Tufa Formations and Ancient Lake Lahontan

June 16, 2015

Tufa, Toulon, Nevada s

Photographer: Glenn McCreery
Summary AuthorGlenn McCreery

The photo above shows tufa formations as observed north of Toulon, Nevada. In the background is dry Lake Humboldt, where a swirling dust storm can be seen. Tufa is a porous limestone (calcium carbonate, CaCO3). This piece was formed between about 26,000 to 13,000 years ago when the climate was much wetter than now, and present Lake Humboldt was a small part of the more extensive pluvial Lake Lahontan. Tufa typically forms at the mouth of a spring, from lake water, or from a mixture of spring and lake water. Lake Humboldt and the adjacent West Humboldt Mountain Range were named by explorer John C. Fremont for the German naturalist Alexander von Humboldt. Fremont wrote about tufas during his 1843-44 expedition. Photo taken on April 14, 2015.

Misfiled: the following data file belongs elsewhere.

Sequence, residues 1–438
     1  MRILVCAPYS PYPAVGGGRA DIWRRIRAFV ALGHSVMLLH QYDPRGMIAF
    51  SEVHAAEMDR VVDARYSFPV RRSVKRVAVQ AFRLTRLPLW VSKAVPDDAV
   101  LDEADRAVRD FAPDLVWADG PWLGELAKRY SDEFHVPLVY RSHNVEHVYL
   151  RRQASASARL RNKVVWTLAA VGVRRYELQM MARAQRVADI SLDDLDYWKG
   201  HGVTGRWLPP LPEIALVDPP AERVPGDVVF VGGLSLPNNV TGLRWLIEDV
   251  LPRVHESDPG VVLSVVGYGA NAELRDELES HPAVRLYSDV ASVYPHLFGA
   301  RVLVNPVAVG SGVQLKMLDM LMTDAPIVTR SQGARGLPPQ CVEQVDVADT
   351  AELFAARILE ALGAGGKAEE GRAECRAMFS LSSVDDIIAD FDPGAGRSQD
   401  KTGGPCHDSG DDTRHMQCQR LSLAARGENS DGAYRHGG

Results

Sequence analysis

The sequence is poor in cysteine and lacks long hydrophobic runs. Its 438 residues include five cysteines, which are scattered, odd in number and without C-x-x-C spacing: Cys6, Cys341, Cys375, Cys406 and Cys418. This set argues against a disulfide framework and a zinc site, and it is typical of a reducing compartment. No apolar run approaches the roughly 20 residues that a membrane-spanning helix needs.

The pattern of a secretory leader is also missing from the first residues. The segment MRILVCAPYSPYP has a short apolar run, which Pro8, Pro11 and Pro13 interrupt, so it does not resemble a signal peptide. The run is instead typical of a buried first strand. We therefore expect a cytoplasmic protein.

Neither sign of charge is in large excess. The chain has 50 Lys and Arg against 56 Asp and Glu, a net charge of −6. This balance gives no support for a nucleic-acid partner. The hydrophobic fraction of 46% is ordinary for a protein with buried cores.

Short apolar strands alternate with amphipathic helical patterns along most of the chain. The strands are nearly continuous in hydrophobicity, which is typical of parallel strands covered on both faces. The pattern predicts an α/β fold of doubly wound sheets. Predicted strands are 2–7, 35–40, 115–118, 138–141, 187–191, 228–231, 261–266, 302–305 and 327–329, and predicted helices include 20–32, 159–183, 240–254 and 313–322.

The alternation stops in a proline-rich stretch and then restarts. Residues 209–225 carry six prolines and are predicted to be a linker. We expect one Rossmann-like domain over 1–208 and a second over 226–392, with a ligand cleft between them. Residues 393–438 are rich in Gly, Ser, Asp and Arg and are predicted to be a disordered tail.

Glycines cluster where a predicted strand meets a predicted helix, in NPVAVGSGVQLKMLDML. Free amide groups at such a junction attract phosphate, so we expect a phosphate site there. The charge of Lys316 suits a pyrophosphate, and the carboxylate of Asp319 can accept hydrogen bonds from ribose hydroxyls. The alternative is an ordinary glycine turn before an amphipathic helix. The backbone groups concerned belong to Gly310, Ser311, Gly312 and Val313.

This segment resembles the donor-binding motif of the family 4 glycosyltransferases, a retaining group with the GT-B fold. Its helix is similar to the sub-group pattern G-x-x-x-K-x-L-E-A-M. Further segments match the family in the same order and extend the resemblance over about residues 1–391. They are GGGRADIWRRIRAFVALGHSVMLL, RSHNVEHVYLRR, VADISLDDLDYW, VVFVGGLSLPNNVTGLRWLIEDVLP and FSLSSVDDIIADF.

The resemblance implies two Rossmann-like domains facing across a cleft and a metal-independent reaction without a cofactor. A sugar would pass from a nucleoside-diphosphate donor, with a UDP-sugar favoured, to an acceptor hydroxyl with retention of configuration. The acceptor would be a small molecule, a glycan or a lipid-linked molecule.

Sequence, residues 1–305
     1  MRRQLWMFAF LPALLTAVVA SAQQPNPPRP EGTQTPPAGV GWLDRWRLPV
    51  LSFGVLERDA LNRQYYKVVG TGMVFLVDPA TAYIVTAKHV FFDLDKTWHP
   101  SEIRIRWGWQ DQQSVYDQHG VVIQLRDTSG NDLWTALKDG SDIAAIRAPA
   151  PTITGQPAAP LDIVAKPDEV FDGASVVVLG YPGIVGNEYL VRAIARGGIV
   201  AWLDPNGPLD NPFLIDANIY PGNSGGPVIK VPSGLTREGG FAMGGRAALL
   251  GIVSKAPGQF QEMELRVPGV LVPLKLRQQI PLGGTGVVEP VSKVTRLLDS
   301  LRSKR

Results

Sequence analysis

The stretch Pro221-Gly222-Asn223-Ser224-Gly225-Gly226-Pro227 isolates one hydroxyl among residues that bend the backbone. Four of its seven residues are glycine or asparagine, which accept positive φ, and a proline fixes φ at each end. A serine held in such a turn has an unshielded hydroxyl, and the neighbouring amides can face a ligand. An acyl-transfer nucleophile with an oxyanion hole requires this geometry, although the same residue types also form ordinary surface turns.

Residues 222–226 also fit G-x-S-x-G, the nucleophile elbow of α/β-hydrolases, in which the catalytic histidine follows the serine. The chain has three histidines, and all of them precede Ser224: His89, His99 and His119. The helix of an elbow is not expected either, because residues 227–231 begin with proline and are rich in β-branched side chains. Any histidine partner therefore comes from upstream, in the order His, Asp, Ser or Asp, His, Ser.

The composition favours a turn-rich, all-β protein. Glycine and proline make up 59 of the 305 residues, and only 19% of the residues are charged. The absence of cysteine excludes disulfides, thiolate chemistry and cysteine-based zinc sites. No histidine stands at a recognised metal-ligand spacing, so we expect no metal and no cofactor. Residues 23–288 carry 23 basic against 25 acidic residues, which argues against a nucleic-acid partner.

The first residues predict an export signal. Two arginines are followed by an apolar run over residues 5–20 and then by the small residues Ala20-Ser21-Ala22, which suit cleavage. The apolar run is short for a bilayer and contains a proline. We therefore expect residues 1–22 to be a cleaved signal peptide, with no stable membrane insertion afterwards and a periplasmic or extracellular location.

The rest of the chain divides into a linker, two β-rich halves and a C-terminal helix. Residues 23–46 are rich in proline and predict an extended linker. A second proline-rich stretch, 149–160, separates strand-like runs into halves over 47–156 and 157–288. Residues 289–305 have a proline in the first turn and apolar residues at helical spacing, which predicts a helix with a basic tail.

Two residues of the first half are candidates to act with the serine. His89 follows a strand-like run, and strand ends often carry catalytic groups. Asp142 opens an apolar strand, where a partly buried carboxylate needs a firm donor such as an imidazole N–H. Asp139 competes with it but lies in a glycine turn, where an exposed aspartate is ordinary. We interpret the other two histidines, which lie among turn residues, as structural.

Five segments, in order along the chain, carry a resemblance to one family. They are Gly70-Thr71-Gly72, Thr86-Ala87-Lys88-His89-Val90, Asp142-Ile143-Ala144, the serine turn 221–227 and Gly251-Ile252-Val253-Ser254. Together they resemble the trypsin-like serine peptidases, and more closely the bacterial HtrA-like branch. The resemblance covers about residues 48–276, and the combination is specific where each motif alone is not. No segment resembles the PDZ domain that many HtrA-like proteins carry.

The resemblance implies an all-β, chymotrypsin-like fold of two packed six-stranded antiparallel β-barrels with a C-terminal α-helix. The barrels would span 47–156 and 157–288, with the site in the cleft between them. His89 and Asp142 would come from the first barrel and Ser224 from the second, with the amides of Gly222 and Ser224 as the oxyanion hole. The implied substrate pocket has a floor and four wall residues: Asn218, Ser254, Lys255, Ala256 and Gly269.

Photo Details: Canon 5D II camera; Canon L lens, 24mm; 1/160 sec. exposure; f/11; ISO 160.